Rent-Seeking through Collective Bargaining: Implications for School District Management and Performance

Dr. Stéphane Lavertu, John Glenn College of Public Affairs at the Ohio State University
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S110 Memorial Union
Add to Calendar 2020-02-21 12:30:00 2020-02-21 13:30:00 Rent-Seeking through Collective Bargaining: Implications for School District Management and Performance This study takes advantage of close tax elections and the timing of teacher collective-bargaining negotiations to estimate the impact of such agreements on Ohio school districts' revenue allocations and academic outcomes. Districts that passed a tax before negotiations took place increased teacher salaries and benefits but experienced no student achievement gains. Collective bargaining instead led to unsustainable budgets that required districts to spend reserves and levy additional taxes. Districts that allocated new tax revenue before negotiations, however, spent their funds on support services and new teachers and realized significant student achievement gains. Overall, the results suggest that collective bargaining had a negative impact on district finances and student learning. Stéphane Lavertu is an associate professor in the John Glenn College of Public Affairs at the Ohio State University. His interdisciplinary research examines the political economy of public organizations—particularly school districts. He and his collaborators launched the Education Governance and Accountability Project to examine how political actors and institutions affect the administration and performance of public schools. He regularly publishes in public administration, public policy, political science, and economics journals and teaches courses on public affairs, education policy, and research design in the Glenn College’s graduate and undergraduate degree programs.   S110 Memorial Union Harry S Truman School of Public Affairs truman@missouri.edu America/Chicago public

This study takes advantage of close tax elections and the timing of teacher collective-bargaining negotiations to estimate the impact of such agreements on Ohio school districts' revenue allocations and academic outcomes. Districts that passed a tax before negotiations took place increased teacher salaries and benefits but experienced no student achievement gains. Collective bargaining instead led to unsustainable budgets that required districts to spend reserves and levy additional taxes. Districts that allocated new tax revenue before negotiations, however, spent their funds on support services and new teachers and realized significant student achievement gains. Overall, the results suggest that collective bargaining had a negative impact on district finances and student learning.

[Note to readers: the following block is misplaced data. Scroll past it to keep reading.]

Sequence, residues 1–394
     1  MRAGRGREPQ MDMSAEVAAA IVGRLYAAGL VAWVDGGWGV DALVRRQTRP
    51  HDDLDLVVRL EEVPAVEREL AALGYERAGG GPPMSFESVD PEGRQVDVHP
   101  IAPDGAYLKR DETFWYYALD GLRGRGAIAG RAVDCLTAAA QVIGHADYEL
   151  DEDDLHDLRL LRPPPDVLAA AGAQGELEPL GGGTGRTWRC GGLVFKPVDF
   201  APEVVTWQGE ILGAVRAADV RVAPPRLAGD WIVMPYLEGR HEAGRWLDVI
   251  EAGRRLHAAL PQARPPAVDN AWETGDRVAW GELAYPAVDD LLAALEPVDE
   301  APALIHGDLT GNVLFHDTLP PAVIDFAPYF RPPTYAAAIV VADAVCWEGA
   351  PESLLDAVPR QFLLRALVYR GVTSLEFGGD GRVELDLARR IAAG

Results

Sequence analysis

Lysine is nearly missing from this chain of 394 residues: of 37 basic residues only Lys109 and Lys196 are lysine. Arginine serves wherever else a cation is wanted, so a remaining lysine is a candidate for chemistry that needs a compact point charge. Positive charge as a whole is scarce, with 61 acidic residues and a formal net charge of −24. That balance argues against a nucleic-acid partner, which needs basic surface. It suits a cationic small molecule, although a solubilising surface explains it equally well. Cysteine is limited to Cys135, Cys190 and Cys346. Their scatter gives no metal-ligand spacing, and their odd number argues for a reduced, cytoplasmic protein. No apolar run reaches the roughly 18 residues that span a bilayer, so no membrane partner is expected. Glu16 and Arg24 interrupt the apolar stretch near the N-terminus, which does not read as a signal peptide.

Stéphane Lavertu is an associate professor in the John Glenn College of Public Affairs at the Ohio State University. His interdisciplinary research examines the political economy of public organizations—particularly school districts. He and his collaborators launched the Education Governance and Accountability Project to examine how political actors and institutions affect the administration and performance of public schools. He regularly publishes in public administration, public policy, political science, and economics journals and teaches courses on public affairs, education policy, and research design in the Glenn College’s graduate and undergraduate degree programs.

 

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